Cannes and Africa: a shy relationship


Created in 1939, the Cannes Film Festival is, like its closest competitors Venice
and Berlin, a major cultural event that Africa has barely been able to infiltrate:
on the one hand because of the huge deficit of national, regional or continental
African film industries; on the other hand because of the lack of public interest in
and the absence of African stories from world screens.

Confined to an exclusive and limited Africa-loving audience, these movies are
generally screened at a small number of film festivals dedicated to African
cinema, without being able to break through to the world distribution market.

Before the independence and decolonisation drives of the 1960s and 1970s,
France, the United Kingdom, Portugal and Belgium were still sharing control of
the African continent. Egypt was an exception, having gained its independence
and recognition as a sovereign state in 1936, and declared a republic in 1953.

This political situation had a direct effect on the Cannes Film Festival selections.
In 1946, the feature film Dunia, from Egyptian director Mohamed Karim, was
screened at the festival in competition, as if to show the blossoming of Egyptian
cinema (the country produced 55 movies between 1939 and 1945).

Up until 1970, Tunisia, Algeria and Morocco were represented at Cannes
through 22 films, which were the work of French directors; Niger, Gabon, Congo
and Senegal had a minor presence with four films. In 1952, Morocco even
received the Grand Prix for Othello, a film directed by a famous American
director, Orson Welles.

It was necessary to wait until 1959 to see another African director, the Tunisian
Khaled Abdul Wahab, enter the competition with the short-film Le seigneur

During 66 years of the festival, 47 African movies were selected to be screened,
including short films and features. Through the 54 African states, only 10 have
had the good fortune to be admitted into competition. Among these, South
Africa has had the most entries (10), followed by Egypt (nine) and Tunisia (four).

South Africa, which first entered in competition in 1952 with Errol Hind’s short
film Glimpses of South Africa n°5, has not yet introduced a black filmmaker into
the Croisette. This is a situation that may change soon, considering the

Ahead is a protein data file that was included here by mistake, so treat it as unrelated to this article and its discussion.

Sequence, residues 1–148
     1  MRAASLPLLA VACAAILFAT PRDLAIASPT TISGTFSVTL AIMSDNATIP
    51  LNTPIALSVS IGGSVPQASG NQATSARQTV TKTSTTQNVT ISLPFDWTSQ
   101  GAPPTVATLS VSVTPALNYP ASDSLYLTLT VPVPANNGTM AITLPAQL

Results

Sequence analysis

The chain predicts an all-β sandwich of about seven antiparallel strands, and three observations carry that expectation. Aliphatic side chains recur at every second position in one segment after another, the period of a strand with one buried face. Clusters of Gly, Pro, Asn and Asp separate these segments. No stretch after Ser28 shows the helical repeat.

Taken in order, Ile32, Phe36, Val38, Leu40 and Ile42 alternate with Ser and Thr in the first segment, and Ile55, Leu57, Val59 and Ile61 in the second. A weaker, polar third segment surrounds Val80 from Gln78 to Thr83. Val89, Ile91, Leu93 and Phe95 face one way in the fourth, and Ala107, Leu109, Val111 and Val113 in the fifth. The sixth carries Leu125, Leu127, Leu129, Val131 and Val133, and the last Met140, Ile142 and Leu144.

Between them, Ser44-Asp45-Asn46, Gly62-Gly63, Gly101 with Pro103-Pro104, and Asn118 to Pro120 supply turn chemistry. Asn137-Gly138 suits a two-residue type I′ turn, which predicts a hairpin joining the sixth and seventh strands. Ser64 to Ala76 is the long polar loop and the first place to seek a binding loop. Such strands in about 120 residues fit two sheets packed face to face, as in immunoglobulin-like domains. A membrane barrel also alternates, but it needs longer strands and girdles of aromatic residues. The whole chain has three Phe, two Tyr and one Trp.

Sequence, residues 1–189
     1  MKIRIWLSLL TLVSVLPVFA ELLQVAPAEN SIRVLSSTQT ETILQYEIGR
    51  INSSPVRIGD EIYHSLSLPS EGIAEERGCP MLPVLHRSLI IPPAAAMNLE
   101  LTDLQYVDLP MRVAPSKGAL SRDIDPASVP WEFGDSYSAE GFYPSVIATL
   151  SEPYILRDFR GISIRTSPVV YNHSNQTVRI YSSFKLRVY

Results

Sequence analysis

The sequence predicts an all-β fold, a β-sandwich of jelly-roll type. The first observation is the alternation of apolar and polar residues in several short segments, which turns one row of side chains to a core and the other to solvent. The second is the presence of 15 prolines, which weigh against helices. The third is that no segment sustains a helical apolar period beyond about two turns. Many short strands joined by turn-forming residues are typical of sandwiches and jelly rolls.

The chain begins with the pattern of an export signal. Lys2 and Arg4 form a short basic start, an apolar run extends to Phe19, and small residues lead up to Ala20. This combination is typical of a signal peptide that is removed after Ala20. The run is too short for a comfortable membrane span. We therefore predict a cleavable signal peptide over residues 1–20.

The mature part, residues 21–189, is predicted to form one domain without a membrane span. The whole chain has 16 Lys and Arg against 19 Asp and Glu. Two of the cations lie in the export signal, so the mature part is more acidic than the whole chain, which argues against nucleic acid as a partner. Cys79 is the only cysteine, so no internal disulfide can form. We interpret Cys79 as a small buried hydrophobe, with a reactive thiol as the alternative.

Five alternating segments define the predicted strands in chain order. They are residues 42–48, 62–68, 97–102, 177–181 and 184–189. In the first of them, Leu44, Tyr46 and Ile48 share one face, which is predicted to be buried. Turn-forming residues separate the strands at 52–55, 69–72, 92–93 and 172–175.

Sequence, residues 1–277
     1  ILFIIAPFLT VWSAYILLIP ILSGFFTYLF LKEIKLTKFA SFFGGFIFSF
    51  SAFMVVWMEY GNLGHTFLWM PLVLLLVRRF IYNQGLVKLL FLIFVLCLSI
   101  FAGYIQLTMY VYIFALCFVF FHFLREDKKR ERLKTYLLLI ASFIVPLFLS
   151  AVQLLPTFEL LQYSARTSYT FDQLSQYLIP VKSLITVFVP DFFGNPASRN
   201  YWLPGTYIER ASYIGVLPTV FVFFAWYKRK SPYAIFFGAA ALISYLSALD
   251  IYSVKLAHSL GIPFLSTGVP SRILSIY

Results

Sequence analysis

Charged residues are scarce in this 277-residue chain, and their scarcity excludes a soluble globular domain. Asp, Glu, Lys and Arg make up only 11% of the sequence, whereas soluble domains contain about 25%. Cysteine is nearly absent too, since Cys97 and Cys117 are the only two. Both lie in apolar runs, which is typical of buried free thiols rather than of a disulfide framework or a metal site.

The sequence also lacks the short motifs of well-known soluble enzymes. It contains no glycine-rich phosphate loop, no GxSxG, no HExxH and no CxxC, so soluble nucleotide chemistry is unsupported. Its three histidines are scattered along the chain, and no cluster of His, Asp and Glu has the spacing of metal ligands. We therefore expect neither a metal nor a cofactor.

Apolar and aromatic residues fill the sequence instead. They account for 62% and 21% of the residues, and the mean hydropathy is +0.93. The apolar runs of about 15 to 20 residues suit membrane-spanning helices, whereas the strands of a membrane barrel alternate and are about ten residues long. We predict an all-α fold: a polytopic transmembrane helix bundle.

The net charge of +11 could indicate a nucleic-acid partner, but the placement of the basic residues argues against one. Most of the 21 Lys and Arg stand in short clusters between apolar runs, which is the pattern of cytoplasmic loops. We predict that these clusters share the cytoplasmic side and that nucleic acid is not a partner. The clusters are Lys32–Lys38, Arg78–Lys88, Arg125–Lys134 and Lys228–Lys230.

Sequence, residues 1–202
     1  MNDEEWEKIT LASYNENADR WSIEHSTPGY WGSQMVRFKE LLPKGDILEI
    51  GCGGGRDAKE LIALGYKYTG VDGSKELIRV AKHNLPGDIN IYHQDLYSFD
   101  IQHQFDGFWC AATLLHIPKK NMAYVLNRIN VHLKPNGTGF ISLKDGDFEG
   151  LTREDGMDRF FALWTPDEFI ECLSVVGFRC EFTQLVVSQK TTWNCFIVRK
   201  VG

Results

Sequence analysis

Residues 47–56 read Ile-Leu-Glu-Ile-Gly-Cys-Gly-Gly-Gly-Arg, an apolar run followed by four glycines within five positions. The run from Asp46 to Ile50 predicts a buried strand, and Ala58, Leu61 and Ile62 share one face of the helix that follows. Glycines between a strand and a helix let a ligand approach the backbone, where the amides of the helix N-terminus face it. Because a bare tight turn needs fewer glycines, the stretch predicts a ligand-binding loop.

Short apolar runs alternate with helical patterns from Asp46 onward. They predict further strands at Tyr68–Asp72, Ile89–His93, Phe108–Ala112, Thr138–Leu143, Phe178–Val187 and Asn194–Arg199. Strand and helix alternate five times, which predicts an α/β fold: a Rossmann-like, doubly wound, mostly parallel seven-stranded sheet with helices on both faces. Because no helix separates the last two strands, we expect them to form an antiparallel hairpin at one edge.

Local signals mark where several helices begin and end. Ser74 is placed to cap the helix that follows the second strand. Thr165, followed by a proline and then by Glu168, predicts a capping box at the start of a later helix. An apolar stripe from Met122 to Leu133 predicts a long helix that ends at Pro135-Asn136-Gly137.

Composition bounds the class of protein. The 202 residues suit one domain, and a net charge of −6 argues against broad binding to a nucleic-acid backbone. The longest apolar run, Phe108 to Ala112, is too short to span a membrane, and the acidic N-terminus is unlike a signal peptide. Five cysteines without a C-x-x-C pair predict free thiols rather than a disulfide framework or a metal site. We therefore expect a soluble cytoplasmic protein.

international recognition now received by the likes of Khalo Matabane or Jahmil
X.T. Qubeka.

Among African nations Egypt was the first to compete at Cannes, in 1946. South
Africa followed in 1952. Seven years later, Tunisia followed. Then in 1962,
Morocco came onto the scene, represented by Abdelaziz Ramdani”s short film
Souls and Rhythms. In 1964, sub-Saharan Africa increased its representation
when Senegal’s Paulin Soumanou Vieyra entered his short Lamb. The Algerian
director Mohamed Lakhdar-Hamina’s feature, The Winds of the Aures, was
accepted in 1967.

Twenty years later, Mali was in the running with Souleymane Cisse’s feature film
Yeelen. Then Burkina Faso made an appearance with Idrissa Ouedraogo’s Tilai in
1990. Lusophone Africa was not forgotten, as Guinea-Bissau, represented by
Flora Gomes’ Po di sangui came onto the scene in 1996. Fourteen years later,
Mahamat-Saleh Haroun and his feature film A Screaming Man put Chad into
Cannes competition in 2010, and again in 2013 with Grisgris.

These selections make up a total of 32 filmmakers. Egypt’s Youssef Chahine has
had the most selections (five times), followed by South African Jamie Uys and
Algerian Mohamed Lakhdar-Hamina (four times each). No African women have
been selected in the main competition but South Africa’s Elaine Proctor
presented her feature film Friends in the 1993 Un certain regard selection.
The same year, Jane Campion from New Zealand became the only female to win
a Palme d’Or with her feature The Piano. This year, she is the President of the
Jury. To date, few African filmmakers have been given the chance to serve on
the jury; out of the 10 countries selected for the official competition over the
years, only six have been represented on the jury. South Africa, Guinea-Bissau
and Algeria have not yet had this opportunity.

Moreover, among the 47 African movies selected in the official competition, only
five have won awards. The Wind of the Aures by Mohamed Lakhdar-Hamina
(Algeria) won the prize for Best First Feature in 1967. Chronicle of The Year of
Fire, also directed by Hamina, won the only Palme d’Or in African History in 1975.

In 1987, Malian director Souleymane Cisse won a Jury Prize with Yeelen. Then in
1990, Idrissa Ouedraogo’s Tilai (Burkina Faso) received the Grand Prix. Twenty
years later, Chadian Mahamat-Saleh Haroun won the Jury Prize for A Screaming

Unfortunately, Egypt and South Africa, the two countries with the longest
histories in the competition, have yet to earn their Cannes’ recognition.


Please enter your comment!
Please enter your name here